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It's no secret that I think plug-in electric vehicles are unconscionable waste and pollution masquerading as conservation. To support my opinions, I've published an easy to follow Excel spreadsheet that shows why plug-ins are 5x to 6x less effective than HEVs when it comes to reducing national gasoline consumption and 9x to 12x less effective than HEVs when it comes to reducing national CO2 emissions. To date, the only challenges to my analysis have come from die-hard EV fanatics who seem to believe battery factories grow on trees and raw material supply chains sprout like flowers in an alpine meadow.

In early February, Joann Muller of Forbes warned of a coming Electric Car Battery Glut based on published estimates that global lithium-ion battery manufacturing capacity would reach 36 million kWh by 2016. Just this week, Roland Berger Strategy Consultants released a study that forecasts a lithium-ion battery supply bubble between 2015 and 2017 and predicts an industry-wide consolidation where "only six to eight global battery manufacturers will survive in the next five to seven years."

Despite my abiding disdain for plug-ins and my high regard for Forbes and Roland Berger, I don't buy the theory that excess manufacturing capacity will be a major problem for two simple reasons. First, I believe the Roland Berger forecast of global demand for 1.6 million HEVs in 2015 is far too low given the history of the HEV market and Toyota's (TM) plans to increase its production capacity to 1 million HEVs per year by 2011. Second, the Roland Berger analysis does not consider large format lithium-ion battery demand outside the automotive sector, which is where I expect the exponential growth to occur.

The first hybrid electric vehicles were introduced in 1999 and through 2007 the annual sales growth was spectacular. While the following graph of US HEV sales from hybridcars.com shows that unit volumes fell off a cliff in 2008 and 2009, the decline is easily attributed to two independent but identifiable factors; the economic collapse of 2008 and the growing hype over plug-in vehicles that caused many likely HEV buyers to delay new car purchase decisions.

Click to enlarge
HEV Growth.png
Now that the roll-out dates for the GM Volt and the Nissan (OTCPK:NSANY) Leaf are only months away, two years of plug-in hype is about to hit an economic brick wall when potential buyers begin making relatively simple total cost of ownership calculations like this one.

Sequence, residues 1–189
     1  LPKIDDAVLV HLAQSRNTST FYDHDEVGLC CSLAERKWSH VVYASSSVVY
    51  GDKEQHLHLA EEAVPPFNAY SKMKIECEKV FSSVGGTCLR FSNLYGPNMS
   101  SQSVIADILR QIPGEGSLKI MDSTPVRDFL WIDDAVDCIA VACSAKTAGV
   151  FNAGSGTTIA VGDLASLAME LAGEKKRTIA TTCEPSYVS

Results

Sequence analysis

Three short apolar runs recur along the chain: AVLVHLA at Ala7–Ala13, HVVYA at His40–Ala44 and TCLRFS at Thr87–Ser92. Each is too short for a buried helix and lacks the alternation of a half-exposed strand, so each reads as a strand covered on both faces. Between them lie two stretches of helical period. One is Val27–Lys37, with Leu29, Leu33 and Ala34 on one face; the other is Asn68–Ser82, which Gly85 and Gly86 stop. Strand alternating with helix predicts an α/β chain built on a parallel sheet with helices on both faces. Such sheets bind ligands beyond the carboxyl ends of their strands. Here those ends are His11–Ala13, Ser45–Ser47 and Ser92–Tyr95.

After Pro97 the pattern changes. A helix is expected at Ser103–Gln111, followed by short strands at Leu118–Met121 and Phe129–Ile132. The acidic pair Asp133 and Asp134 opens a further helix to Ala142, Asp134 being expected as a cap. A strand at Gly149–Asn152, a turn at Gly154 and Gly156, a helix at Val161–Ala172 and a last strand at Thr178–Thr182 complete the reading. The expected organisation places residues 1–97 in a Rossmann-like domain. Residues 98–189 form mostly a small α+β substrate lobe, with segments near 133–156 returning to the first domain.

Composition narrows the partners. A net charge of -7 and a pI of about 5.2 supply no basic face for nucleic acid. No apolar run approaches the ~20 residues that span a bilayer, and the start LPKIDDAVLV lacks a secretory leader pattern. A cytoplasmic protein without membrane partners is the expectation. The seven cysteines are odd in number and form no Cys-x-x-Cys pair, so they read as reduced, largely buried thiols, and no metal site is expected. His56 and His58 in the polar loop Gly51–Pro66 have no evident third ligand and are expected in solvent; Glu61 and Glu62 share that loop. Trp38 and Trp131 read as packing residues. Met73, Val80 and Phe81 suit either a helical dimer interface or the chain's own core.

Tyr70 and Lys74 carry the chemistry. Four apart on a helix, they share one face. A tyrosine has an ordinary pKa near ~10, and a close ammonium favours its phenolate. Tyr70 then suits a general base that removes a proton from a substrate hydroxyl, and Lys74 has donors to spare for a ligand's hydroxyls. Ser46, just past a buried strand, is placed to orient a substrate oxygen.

Conventional Prius-class Volt-class
ICE HEV PHEV
Sticker price $18,000 $22,500 $40,000
Tax credits -$7,500
220 Volt outlet $2,500
Amount financed $18,000 $22,500 $35,000
Monthly payment $307 $384 $597
(60 months at 7%)
Monthly gasoline $105 $63 $21
($3 per gallon)
Monthly electricity $20
($0.10 per kWh)
Monthly cost of ownership $412 $447 $638


The big beneficiary of this exercise will be the Prius-class HEV, particularly if the buyer uses an assumed gasoline price in the $5 to $6 range. No matter how you fiddle with the numbers, PHEVs will come in a distant third for any buyer who thinks the green in his wallet is more important than the green in his cocktail party conversation. Jerry Flint of Forbes recently predicted that Nissan's Electric Car Will Flop. I'll go one better and predict that every car with a plug will face a similar fate.

While the idea of plug-in cars is just plain balderdash, there is another developing transportation trend that holds immense potential for lithium-ion battery manufacturers. That trend is e-bikes and e-scooters, which are rapidly becoming the vehicle of choice throughout Asia and the developing world. To put things in perspective, Pike Research is forecasting global sales of 80 million electric two-wheeled vehicles in 2016. When you consider that the average e-bike needs about 500 wh of batteries, it's pretty easy to see how an 80-million unit E2W market could make a huge dent in a 36 million kWh battery market. It's not a market that most companies and investors are focusing on, but it's a market that stands a very good chance of sopping up any excess supplies of large-format lithium-ion batteries.

Currently, the only thing standing in the way of lithium-ion dominance of the E2W market is price. While roughly 85% of e-bikes currently use lead-acid batteries because they're cheaper, the E2W market is ripe for the picking by lithium-ion batteries because size and weight truly are mission critical constraints for a 50-pound vehicle that runs on a combination of battery and muscle power. In its report on the coming battery glut, Roland Berger forecast that the price of automotive grade high energy lithium-ion battery cells would fall from the current level of $650 per kWh to $400 per kWh in 2015 and $275 per kWh in 2020. Consumer products grade cells should be cheaper. As lithium-ion battery supplies increase and reasonable economies of scale are realized, there's little question in my mind that they will become the battery of choice for the E2W market.

Currently, the only company I track that focuses on the E2W market is Advanced Battery Technologies, Inc. (ABAT). They've been making e-bike batteries for years and decided to vertically integrate last year when they bought Wuxi Angell Autocycle, a Chinese e-bike manufacturer. In my view, it was a much smarter purchase than Ener1's (HEV) stake in Th!nk Global or A123 Systems' (AONE) stake in Fisker Motors. I haven't changed my view that the lead-acid sector is more attractively priced than the lithium-ion sector, but if I had to invest in lithium-ion, ABAT would be at the top of my list because its profit history is exemplary and its business strategy just makes sense in a world where six billion people are trying to earn a small piece of the lifestyle 500 million of us have and take for granted.

Disclosure: None.

Source: Why I Don't Expect a Lithium-Ion Battery Glut